The Court also found all three alleged omissions not actionable. With respect to allegations that defendants failed to disclose their intent to set up competing businesses and that plaintiffs would not receive compensation for most claims, the Court held that plaintiffs failed to plead with particularly when these disclosures should have been made. Regarding a third alleged omission, defendants’ failure to disclose conflicts of interest, the Court held that, even assuming that defendants should have disclosed the conflict of interest when they were asked if they had other clients, the complaint did not plausibly allege that the conflict existed at that time. Id.
The Court concluded, however, that the remaining four alleged misstatements were adequately pleaded. The Court concluded that two alleged misrepresentations as to the capacity of the companies to perform were sufficiently pleaded based on the fact that claims were not collected upon. Id. at *10. The Court rejected defendants’ argument that plaintiffs were impermissibly attempting to plead fraud-by-hindsight, explaining that fraud-by-hindsight is impermissible in the context of scienter, but evidence of later events can provide useful circumstantial evidence that a given representation was false when made. The Court noted that in circumstances “where the representation in question concerned an asset or skill possessed by the defendant (here, an algorithm), the defendant’s failure to perform as promised casts doubt on whether he possessed that skill in the first place.” Id. The Court also concluded that the other two statements, which concerned the profits defendants could generate, related to the present capacity of defendants to perform. Id. at *11. As such, these alleged misrepresentations were also adequately pleaded.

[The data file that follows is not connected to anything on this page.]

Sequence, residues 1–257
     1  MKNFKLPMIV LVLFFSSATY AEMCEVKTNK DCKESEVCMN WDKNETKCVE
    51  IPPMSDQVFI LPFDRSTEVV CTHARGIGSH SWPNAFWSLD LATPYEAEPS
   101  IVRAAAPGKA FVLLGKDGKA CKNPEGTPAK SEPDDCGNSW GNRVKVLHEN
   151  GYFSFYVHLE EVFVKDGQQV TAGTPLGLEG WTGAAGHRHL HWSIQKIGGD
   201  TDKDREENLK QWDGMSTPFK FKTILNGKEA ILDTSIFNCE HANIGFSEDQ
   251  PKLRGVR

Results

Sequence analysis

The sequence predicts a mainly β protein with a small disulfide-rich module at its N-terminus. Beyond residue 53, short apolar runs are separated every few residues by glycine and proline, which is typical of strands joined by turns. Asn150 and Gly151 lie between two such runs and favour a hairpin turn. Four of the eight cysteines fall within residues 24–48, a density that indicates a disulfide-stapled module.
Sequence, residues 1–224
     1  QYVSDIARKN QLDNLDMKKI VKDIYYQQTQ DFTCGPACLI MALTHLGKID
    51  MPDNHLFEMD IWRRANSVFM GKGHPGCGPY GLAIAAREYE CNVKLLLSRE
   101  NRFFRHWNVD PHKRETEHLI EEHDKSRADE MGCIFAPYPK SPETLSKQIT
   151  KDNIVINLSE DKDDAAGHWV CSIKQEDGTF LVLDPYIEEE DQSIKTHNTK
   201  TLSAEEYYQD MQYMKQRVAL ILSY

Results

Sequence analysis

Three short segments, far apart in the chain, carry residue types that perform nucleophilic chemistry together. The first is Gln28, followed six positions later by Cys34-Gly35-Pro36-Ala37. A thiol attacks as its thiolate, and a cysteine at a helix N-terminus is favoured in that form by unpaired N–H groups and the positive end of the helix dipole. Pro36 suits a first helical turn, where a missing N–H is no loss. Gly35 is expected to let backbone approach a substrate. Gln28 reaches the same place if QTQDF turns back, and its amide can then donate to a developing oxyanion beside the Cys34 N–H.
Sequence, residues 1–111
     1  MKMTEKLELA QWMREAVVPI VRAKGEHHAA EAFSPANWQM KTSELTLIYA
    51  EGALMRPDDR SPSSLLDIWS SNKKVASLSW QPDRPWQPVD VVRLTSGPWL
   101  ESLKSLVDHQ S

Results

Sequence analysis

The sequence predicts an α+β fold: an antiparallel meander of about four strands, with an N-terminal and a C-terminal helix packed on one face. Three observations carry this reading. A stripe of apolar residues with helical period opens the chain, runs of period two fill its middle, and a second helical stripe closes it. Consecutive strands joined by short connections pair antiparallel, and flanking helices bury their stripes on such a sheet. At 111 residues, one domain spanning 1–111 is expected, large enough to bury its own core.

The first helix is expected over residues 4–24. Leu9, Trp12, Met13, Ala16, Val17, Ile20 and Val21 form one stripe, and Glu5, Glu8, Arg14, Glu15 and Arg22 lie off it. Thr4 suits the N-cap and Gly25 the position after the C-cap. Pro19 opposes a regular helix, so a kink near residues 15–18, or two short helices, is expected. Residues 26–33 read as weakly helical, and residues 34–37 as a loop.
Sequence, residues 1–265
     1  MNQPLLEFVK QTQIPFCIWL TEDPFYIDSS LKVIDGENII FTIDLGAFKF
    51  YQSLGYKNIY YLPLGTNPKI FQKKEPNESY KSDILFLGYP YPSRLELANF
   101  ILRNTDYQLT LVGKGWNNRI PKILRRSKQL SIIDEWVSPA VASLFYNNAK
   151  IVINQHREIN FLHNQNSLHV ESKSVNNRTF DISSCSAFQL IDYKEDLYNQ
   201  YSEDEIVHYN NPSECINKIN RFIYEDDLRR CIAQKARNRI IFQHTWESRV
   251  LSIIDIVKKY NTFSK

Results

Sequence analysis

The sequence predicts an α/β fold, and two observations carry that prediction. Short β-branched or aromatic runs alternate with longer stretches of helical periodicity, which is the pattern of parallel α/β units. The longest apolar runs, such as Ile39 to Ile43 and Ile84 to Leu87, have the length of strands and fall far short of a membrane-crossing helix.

The Court then assessed whether plaintiffs had adequately alleged scienter with respect to these four alleged misstatements. The Court concluded that plaintiffs adequately alleged that the defendant who ran the medical billing services company knew such representations were false because they were based on metrics and information in her control. Id. However, the Court held that scienter was not sufficiently alleged for another defendant, who served as a medical services technician, because plaintiffs failed to establish that this defendant understood the algorithm, how it worked, or whether it existed. Id. at *12.